The trial court erred in charging the jury on the issue of contractual ambiguity vel non. It is for the trial court, not the jury, to determine the existence or non-existence of an ambiguity in a contract. See Hearn v. Old Dominion Freight Lines, 172 Ga. App. 658 (1) (324 SE2d 517) (1984); Jones v. Barnes, 170 Ga. App. 762, 765 (318 SE2d 164) (1984). The trial court also erred in charging the jury on the statutory rules of construction. " ' "The rules of law set forth in the Code with respect to the construction of contracts are framed for the guidance and direction of the courts." ' " Travelers Ins. Co. v. Blakey, 255 Ga. 699, 700 (342 SE2d 308) (1986).
As we have held in Division 1, the contract at issue in the instant case remained ambiguous even after application of the statutory rules of construction. Accordingly, the trial court should have instructed the jury that the contract was ambiguous and that resolution of that ambiguity required consideration of evidence outside of the four corners of the contract. See Bennett v. Dove, 93 Ga. App. 57 (3) (90 SE2d 601) (1955). Instead, the trial court erroneously charged that it was for the jury to determine whether an ambiguity existed and that, in making that determination, the jury was to apply the statutory rules of construction to the four corners of the contract. Under the erroneously given charge, the verdict that was returned for appellee may have been based upon the jury's mistaken legal determination that the contract was, on its face, an unambiguous terminable-at-will employment contract. Accordingly, the error in the trial court's charge was not harmless and requires the grant of a new trial. See generally Clarke County School Dist. v. Madden, 99 Ga. App. 670, 679 (3) (110 SE2d 47) (1959).
3. Appellant enumerates as error the denial of his motions for directed verdict and judgment n.o.v. as to his liability for attorney's fees under OCGA 13-6-11.
In the main action, appellee was the plaintiff and he was, therefore, entitled to seek attorney's fees pursuant to OCGA 13-6-11 for his prosecution of that claim. As to appellant's counterclaim, however, appellee was the defendant and he was, therefore, not entitled to seek attorney's fees pursuant to OCGA 13-6-11 for his defense of that claim. "[D]efendants cannot recover attorney['s] fees against plaintiffs under [OCGA 13-6-11]. [Cits.]" DuBose v. Box, 246 Ga. 660, 669-670 (5) (273 SE2d 101) (1980). Appellee's evidence showed only the amount of reasonable attorney's fees that would be attributable to both his prosecution of the main action and his defense of appellant's counterclaim. There was no evidence showing the amount of reasonable attorney's fees that would be attributable to only appellee's prosecution of the main action. "Since there can be no recovery under OCGA 13-6-11 for expenses incurred in the defense of a claim ([cit.]), and [appellee] failed to prove the attorney['s] fees involved in pursuit of his [main action, the trial court's failure to direct] a verdict in favor of [appellant] was [erroneous]. [Cits.]" Batchelor v. Tucker, 184 Ga. App. 761, 763 (2) (362 SE2d 493) (1987).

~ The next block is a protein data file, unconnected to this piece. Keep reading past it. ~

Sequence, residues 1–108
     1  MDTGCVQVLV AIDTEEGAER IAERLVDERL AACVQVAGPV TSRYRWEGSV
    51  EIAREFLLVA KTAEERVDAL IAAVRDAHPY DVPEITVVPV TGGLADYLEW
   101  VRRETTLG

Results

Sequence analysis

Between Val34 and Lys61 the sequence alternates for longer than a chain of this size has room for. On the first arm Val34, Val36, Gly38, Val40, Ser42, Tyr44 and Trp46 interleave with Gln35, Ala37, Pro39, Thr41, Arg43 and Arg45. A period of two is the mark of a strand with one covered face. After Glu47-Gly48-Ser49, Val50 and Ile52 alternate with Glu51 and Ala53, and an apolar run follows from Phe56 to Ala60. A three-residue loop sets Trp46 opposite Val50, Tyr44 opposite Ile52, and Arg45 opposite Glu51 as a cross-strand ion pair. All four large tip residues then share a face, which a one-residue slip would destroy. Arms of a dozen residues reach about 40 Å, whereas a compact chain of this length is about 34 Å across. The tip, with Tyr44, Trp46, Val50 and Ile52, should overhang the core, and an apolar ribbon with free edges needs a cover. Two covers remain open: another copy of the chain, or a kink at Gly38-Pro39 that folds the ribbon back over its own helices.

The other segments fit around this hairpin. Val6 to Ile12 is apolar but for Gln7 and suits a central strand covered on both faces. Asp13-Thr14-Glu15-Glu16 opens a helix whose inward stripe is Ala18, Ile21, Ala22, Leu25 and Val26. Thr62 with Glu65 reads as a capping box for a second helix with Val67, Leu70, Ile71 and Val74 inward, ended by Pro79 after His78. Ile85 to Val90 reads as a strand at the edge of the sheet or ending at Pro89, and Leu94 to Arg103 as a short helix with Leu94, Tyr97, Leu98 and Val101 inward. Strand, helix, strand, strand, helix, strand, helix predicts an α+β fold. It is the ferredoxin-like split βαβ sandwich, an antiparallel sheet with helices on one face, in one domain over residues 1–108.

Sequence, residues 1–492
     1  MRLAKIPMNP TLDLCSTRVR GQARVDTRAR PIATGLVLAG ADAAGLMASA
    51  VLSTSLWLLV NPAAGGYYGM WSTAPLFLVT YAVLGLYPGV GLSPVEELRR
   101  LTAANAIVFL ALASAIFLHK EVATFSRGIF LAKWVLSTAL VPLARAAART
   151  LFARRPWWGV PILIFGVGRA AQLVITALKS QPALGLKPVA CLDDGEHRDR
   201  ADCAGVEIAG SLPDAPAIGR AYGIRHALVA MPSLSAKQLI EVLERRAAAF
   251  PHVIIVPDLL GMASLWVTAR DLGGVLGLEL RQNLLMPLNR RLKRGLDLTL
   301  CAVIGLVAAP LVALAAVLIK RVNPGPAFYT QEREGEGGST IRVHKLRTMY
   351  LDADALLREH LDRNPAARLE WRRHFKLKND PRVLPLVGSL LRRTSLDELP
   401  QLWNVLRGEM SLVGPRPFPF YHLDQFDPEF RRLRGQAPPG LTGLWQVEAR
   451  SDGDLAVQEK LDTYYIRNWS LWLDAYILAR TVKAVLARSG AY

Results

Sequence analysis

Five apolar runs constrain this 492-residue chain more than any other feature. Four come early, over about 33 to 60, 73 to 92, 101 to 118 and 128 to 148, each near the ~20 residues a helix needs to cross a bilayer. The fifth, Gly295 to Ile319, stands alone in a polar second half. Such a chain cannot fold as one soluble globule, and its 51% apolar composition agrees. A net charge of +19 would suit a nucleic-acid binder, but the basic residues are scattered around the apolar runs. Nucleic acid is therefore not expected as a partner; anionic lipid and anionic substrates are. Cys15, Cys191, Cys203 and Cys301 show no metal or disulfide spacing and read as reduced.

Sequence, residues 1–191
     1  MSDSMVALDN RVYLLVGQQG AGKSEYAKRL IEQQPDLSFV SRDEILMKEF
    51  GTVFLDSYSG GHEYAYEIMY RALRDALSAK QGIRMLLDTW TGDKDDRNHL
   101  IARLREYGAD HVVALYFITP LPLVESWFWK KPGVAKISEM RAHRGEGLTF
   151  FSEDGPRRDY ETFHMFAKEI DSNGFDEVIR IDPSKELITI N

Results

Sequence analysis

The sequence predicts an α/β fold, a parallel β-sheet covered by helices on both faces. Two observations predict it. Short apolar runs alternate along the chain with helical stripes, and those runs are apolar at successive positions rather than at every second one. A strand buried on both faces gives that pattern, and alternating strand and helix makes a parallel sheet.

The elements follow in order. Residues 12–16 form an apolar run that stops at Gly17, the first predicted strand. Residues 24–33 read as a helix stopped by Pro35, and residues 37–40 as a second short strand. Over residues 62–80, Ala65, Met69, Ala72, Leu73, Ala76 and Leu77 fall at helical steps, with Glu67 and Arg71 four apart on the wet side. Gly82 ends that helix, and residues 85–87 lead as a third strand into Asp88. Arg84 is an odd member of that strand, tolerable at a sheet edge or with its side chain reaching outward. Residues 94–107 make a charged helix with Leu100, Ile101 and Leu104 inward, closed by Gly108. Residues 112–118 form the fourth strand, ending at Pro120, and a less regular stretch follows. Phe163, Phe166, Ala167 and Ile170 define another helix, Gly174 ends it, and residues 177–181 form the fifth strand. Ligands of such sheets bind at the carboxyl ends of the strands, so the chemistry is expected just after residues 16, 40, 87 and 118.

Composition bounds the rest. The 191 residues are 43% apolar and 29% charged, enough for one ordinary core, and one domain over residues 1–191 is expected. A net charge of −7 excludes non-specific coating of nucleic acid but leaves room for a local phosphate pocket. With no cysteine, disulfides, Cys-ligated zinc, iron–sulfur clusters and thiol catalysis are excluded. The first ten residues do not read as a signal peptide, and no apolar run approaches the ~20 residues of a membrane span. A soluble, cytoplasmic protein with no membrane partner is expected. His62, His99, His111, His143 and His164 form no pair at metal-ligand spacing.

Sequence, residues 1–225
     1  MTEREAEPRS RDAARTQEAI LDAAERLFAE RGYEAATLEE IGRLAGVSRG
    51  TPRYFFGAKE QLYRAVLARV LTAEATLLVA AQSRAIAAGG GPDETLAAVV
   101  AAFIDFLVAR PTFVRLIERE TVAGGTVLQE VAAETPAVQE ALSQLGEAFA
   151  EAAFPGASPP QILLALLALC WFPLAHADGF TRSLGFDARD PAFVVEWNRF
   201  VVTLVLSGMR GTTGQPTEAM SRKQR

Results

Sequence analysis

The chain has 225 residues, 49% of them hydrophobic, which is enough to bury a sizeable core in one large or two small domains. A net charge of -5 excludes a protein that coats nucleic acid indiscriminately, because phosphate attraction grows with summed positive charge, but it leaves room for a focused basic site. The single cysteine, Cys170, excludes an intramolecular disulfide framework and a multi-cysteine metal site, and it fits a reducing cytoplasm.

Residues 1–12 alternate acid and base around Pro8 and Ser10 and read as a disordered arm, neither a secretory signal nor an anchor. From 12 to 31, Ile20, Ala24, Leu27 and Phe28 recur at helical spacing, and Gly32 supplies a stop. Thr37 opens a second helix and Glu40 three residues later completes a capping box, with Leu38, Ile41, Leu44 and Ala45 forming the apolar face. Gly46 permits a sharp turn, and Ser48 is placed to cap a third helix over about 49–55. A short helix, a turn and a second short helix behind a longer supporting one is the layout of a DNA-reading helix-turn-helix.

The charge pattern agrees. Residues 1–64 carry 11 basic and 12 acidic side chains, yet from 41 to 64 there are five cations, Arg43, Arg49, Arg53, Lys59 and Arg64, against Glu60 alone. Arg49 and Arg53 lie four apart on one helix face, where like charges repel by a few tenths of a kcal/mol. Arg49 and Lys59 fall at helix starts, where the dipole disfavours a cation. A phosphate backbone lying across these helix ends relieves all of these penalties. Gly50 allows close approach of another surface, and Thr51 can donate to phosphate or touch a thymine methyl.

BEASLEY, Judge, dissenting.
The verdict and the conforming judgment should be affirmed. The charges to the jury on certain principles of contract law, if it was error to give them, were harmless. The award of attorney fees under OCGA 13-6-11, which included the expense of defending against the counterclaim, was justified in the circumstances.
As correctly concluded in Division 1, the ambiguity in the contract required determination of facts found by the jury based on evidence presented to it. The trial court had come to this same conclusion in ruling on plaintiff's motion for partial summary judgment. In an order setting out the undisputed facts and the law applicable thereto which, although OCGA 9-11-56 (c); OCGA 9-11-52 (a) do not require it, is enlightening as an explanation to the parties and helpful to the appellate court, the judge extracted the issue clearly and articulated the legal principles for the construction of contracts. The judge carefully detailed the respective roles assigned to court and jury for the resolution of contract disputes. Relying in part on Travelers Ins. Co. v. Blakey, 255 Ga. 699, 700 (342 SE2d 308) (1986), which is quoted by the majority, and applying the rules of construction in OCGA 13-2-2, the court concluded that there was still ambiguity, so that the fact of the intention of the parties was up to a jury to find.
Defendant/appellant insisted on two interrogatories to the jury, over plaintiff's objection: "Do you find that under the original contract the parties' intent was for [plaintiff] to work until the project was completed[?]," which the jury answered "No"; "Do you find that the promise to pay [plaintiff] the additional $12.00 an hour was supported by legal consideration as that term was defined to you[?]," which the jury answered "Yes."